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The women's autonomous self defense units YPJ (Yekineyen Parastina Jinê) are an army of women that act in the borders, cities and villages with the intent to protect women and the local populace, acting together with the male army, YPG (Yekineyen Parastina Gel). YPJ and YPG guide themselves by ethical values from a Kurdish society that has been developing a judicial system that seeks peace and consensus and that has been replacing the concept of punitive justice by the concept of restorative justice. To exemplify, when the Kurds are taken prisoners by the islamist fundamentalists, they are generally beheaded alive. By contrast, when the Kurdish enemies are captured by the Kurdish protection units, they are merely arrested. The Kurds loathe any type of violent practice against prisoners, prisoners that when receive classes of moral and ethical principles, pluralism, religious tolerance and feminism, as it can be seen in a report of an episode of restorative justice that has occurred in Kurdish territory:

In 2012 five members of the Al-Nusra fundamentalist group were released and returned to the ranks of their former group, but there they captured fifty of their former comrades to take them to Syrian Kurdistan so that they also could be taught.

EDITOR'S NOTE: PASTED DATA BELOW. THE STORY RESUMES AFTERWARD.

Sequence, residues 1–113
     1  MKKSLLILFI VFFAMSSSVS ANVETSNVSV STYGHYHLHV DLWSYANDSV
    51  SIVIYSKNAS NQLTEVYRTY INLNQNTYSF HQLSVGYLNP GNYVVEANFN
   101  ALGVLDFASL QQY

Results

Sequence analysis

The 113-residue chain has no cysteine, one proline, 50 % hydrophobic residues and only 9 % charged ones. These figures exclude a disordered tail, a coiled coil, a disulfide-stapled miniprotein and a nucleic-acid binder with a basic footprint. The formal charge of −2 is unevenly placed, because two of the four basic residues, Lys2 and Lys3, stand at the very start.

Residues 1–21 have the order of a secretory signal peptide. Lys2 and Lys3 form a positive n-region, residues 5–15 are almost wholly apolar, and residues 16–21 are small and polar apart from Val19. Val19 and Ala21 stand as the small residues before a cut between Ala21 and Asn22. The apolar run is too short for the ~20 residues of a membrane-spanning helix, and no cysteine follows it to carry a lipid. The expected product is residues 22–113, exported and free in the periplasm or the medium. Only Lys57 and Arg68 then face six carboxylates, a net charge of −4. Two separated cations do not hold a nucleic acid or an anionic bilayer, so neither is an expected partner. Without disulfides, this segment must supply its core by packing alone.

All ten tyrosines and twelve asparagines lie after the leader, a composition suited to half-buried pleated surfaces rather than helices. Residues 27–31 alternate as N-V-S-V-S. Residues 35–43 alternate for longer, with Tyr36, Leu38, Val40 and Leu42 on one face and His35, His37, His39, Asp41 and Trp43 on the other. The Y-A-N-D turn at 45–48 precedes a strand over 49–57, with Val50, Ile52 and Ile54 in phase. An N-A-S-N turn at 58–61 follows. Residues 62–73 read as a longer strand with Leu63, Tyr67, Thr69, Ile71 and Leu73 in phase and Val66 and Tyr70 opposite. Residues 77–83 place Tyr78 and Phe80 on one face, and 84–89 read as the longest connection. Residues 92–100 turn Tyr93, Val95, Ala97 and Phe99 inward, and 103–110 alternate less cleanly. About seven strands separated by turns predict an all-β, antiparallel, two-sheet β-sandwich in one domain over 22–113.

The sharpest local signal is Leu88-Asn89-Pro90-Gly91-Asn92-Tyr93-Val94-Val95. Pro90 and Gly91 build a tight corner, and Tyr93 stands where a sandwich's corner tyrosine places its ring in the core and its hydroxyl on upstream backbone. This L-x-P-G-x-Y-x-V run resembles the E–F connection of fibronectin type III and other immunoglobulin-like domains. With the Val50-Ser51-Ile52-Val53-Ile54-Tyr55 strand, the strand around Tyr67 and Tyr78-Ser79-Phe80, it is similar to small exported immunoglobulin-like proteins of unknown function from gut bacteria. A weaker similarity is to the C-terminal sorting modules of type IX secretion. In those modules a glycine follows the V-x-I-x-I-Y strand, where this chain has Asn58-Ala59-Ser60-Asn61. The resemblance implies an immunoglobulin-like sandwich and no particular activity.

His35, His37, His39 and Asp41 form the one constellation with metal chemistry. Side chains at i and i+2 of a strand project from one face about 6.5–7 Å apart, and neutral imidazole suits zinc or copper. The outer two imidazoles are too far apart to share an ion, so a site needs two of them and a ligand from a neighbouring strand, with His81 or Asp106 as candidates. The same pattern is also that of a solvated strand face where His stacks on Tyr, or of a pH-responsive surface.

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The classes on ethical principles are made by academies that are educational institutions directed by women. The academies promote women's self organization in communication, arts, culture, literature, economy and politics, stimulating critical thinking, self criticism and the development of democratic content from a woman's standpoint and through study groups, courses and other activities. These spaces have had as a result significant changes in the mental structures of men and in consequence of the whole society.